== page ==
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9/22/2017 12:11:25 AM
Posted: 1/21/2006 3:50:10 PM EDT

The CCP: self-serving and loving it

By Sushil Seth

Wednesday, Jan 18, 2006,Page 8

China's growing power is creating unease among a number of countries. The US, of course, has raised concerns about China's lack of transparency on its strategic doctrine and ambitions considering that its military budget rises by double-digit figures annually. Japanese Foreign Minister Taro Aso recently said that the steady rise in China's military budget constituted a threat to his country. He also maintained that this was arousing suspicion in a number of Asian countries.

Beijing is apparently aware of growing concern internationally about its expanding power and lack of transparency. Otherwise, it wouldn't be trying to assure all and sundry that its brand of development is not a threat to any country. Indeed, according to them, it benefits the entire world.

A recent white paper on China's foreign relations claims that, "China's road of peaceful development is a brand new one for mankind in pursuit of civilization and progress."

For added emphasis, it says, "China did not seek hegemony in the past, nor does it now, and will not do so in the future when it gets stronger."

Really? Some of its neighbors who ended up as part of the Chinese empire or as tributaries might disagree.

Beijing's worry now is how best to sell its "rise" in the most non-threatening way. According to Professor Robert Skidelsky, "Part of the problem lies in the use of the word `rise,' which suggests something open-ended. Although some Chinese officials talk about China's `rise' ... others prefer to talk about its `restoration'... signifying a restoration of a disturbed natural order of states [rather] than a hegemonic design."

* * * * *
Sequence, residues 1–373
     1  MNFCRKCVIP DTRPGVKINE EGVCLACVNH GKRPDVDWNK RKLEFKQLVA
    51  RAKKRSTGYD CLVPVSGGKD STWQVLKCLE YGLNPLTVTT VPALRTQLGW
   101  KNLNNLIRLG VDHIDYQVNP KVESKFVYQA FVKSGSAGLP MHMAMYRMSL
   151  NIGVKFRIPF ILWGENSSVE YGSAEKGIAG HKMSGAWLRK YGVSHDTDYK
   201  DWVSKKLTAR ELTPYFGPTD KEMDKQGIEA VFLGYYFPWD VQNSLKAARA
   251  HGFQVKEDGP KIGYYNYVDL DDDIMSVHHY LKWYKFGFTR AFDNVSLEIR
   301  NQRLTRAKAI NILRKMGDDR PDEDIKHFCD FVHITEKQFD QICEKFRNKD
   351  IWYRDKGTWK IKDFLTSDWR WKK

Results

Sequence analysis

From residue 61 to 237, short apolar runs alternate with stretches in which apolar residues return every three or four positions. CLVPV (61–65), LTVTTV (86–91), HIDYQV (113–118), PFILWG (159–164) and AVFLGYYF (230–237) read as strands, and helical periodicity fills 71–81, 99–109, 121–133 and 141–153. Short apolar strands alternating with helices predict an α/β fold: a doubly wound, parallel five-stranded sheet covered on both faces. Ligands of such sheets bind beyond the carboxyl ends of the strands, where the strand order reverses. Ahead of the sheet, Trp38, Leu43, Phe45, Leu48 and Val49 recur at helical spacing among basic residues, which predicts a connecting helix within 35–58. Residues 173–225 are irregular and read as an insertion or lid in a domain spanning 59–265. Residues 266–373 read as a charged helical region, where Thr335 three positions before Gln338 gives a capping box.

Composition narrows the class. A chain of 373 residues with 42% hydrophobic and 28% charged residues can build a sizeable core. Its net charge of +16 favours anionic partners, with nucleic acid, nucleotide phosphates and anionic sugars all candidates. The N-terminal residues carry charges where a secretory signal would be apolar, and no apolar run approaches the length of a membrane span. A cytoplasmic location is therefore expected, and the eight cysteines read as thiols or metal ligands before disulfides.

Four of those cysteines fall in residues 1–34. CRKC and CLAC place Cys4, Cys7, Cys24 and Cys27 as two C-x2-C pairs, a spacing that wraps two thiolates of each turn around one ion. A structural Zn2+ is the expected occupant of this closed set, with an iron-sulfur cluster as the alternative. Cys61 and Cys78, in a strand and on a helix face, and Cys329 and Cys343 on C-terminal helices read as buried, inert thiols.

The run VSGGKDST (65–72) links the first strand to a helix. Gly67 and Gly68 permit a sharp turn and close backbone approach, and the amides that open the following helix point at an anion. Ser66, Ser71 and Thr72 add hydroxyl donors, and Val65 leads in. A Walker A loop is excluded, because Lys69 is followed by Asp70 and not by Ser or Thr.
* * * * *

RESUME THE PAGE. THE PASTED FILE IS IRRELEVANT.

A restoration of the old order, with China as the Middle Kingdom, seems even more menacing, suggesting a settling of scores for disturbing China's "natural" hegemony. However one looks at it, there is no non-threatening way of picturing or projecting China's "rise."

Beijing is worried that comparisons are already being drawn between its "rise" and the way Japan burst onto the international scene late in the 19th century, eventually causing mayhem all around. Japan's aggression and occupation of Asian countries (including parts of China) before and during World War II, still haunt its neighbors. Indeed, China is unhappy that Japan is seeking to whitewash its historical sins by rewriting history books to blot out wartime atrocities.

China's take on this -- that history will repeat itself, with China as the new fearsome kid on the block -- is that it will be different because the world has changed. Its spokesmen argue that, "It's not like in the past when powers had to expand territorially in order to get markets."

Beijing thinks it is doing things differently. It is simply trying to corner supplies, wherever it can, for scarce resources like oil, while simultaneously creating and expanding markets for its low-priced manufactured goods. In China's new world of global capitalism, it is able to undercut other economies through its skewed currency mechanism and low manufacturing costs.

What is this, if not a scenario for a future conflict -- territorial expansion or otherwise? Japan too traveled down this road, which created conditions for the war in the Pacific.